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Donald Trump Made Some Bizarre Comments About Climate Change to The Washington Post, and People Don't Even Know Where to Start

Donald Trump Made Some Bizarre Comments About Climate Change to The Washington Post, and People Don't Even Know Where to Start
WASHINGTON, DC - NOVEMBER 26: U.S. President Donald Trump answers questions from the press while departing the White House on November 26, 2018 in Washington, DC. Trump is scheduled to campaign today in Mississippi for Republican senate candidate Sen. Cindy Hyde-Smith. (Photo by Win McNamee/Getty Images)

The Washington Post published an exclusive interview with President Donald Trump on Tuesday, and it is getting a lot of attention for his comments on climate change.

But not for any reason the president might have hoped for. Remember the scene in Billy Madison when Billy rambled on about the Industrial Revolution? We're living it.

First of all, he explained that while he acknowledges that climate is changing, he rejects the notion that it is man-made.

“As to whether or not it’s man-made and whether or not the effects that you’re talking about are there, I don’t see it," the president said.

Normally I would paraphrase but the president's remarks are so unbelievable they should speak for themselves.

Trump's big brain:

"One of the problems that a lot of people like myself, we have very high levels of intelligence, but we're not necessarily such believers."

Our air and water are not at "record clean."

"You look at our air and our water, and it’s right now at a record clean. But when you look at China and you look at parts of Asia and when you look at South America, and when you look at many other places in this world, including Russia, including — just many other places — the air is incredibly dirty."

Trump offered this Magellanic insight:

"And when you’re talking about an atmosphere, oceans are very small. And it blows over and it sails over."

How interesting that Trump thinks the oceans are so small, though he had quite a different take earlier this year when bigger oceans better suited his narrative.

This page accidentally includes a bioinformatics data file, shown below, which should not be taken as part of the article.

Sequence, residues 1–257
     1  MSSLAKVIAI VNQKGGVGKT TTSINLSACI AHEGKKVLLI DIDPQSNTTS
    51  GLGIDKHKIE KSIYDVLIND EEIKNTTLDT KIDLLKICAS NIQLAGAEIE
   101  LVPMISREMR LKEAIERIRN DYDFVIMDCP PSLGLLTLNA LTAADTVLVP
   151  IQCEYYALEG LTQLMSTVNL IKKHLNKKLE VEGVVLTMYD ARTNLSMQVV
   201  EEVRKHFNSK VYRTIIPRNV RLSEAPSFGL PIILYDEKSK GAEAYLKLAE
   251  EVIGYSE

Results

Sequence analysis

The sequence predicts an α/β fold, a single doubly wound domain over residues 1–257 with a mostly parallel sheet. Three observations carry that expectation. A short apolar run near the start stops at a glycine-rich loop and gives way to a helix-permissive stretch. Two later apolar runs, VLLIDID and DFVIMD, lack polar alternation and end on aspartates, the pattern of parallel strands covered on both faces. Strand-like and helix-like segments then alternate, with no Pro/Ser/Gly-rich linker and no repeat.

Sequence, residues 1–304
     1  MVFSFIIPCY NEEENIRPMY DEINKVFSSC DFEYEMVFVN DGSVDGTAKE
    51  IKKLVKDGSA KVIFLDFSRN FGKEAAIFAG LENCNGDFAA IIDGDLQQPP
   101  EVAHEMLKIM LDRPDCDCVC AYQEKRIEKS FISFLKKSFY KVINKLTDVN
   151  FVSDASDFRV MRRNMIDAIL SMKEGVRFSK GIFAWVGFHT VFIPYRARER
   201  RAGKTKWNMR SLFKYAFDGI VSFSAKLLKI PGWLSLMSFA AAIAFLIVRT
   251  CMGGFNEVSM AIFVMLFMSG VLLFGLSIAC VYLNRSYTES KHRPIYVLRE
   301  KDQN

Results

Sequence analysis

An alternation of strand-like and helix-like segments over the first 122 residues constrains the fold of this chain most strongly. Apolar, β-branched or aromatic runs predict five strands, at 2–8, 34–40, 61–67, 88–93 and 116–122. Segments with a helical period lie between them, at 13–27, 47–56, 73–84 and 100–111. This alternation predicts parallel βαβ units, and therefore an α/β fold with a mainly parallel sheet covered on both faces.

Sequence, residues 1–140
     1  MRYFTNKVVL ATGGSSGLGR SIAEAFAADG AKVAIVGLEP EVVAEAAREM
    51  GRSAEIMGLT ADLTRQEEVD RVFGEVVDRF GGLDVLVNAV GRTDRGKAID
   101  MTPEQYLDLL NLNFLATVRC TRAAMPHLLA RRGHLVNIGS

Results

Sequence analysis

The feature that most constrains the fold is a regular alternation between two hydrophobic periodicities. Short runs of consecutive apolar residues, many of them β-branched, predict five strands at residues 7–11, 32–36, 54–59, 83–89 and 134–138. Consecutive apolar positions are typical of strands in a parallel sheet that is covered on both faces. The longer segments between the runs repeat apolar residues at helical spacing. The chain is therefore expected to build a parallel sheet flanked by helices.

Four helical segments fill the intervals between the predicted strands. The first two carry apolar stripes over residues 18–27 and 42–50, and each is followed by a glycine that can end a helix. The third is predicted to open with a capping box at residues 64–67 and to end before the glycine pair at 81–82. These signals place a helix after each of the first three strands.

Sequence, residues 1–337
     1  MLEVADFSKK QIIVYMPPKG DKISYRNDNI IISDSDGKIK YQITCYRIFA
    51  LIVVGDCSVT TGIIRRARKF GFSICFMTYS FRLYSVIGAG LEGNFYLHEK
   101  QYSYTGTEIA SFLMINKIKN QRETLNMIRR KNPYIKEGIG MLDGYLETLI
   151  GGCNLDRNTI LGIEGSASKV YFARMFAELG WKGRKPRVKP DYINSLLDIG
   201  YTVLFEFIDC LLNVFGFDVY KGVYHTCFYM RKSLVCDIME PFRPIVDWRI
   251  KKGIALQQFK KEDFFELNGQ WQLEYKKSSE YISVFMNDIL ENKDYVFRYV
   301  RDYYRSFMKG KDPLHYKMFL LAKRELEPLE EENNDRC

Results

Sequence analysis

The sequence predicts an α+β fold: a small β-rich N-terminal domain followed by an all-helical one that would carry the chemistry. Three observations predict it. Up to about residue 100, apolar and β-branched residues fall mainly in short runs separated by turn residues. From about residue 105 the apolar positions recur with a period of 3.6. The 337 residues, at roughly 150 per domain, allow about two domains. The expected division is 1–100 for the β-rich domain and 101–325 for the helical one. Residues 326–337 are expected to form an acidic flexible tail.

Trump also alluded to "articles" about "global freezing" to make his point.

“If you go back and if you look at articles, they talk about global freezing,” Trump said. “They talk about at some point, the planet is going to freeze to death, then it’s going to die of heat exhaustion.”

The Post noted Trump was referencing two pieces from the 1970s which were published prior to today's scientific consensus.

Trump's incorrect, internalized conclusion is four decades old. This is not good.

Additionally, Trump has buckled into a bizarre explanation for the climate change-fueled California wildfires. The president blames a lack of raking and forest floor maintenance for the destruction, which has so far claimed 88 lives and decimated entire towns.

“The fire in California, where I was, if you looked at the floor, the floor of the fire they have trees that were fallen, they did no forest management, no forest maintenance, and you can light — you can take a match like this and light a tree trunk when that thing is laying there for more than 14 or 15 months. You go to other places where they have denser trees — it’s more dense, where the trees are more flammable — they don’t have forest fires like this, because they maintain.”

Trump went on:

“You go to other places where they have denser trees, it’s more dense, where the trees are more flammable, they don’t have forest fires like this because they maintain. And it was very interesting I was watching the firemen, and they were raking brush. . . . It’s on fire. They’re raking it, working so hard. If that was raked in the beginning, there would be nothing to catch on fire.”

People noticed Trump's total cognitive dissonance on climate change and are smacking their heads.

Katharine Hayhoe, report author and director of the Climate Science Center at Texas Tech University, defended her research on Twitter.